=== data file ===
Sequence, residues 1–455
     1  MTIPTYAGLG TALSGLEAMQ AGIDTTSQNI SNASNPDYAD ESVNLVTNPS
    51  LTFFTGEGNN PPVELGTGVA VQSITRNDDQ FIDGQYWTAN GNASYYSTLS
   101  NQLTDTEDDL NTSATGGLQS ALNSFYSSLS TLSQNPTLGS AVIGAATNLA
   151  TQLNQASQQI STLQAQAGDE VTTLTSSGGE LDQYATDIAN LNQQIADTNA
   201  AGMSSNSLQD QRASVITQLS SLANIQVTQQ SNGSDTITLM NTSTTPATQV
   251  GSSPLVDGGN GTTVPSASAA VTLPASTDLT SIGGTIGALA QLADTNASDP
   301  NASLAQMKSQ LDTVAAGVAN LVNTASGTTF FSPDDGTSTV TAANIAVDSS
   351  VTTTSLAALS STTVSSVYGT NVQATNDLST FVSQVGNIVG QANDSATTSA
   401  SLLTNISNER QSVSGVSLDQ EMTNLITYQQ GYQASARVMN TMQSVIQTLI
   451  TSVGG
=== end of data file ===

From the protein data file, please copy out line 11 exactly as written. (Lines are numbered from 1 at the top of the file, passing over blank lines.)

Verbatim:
   451  TSVGG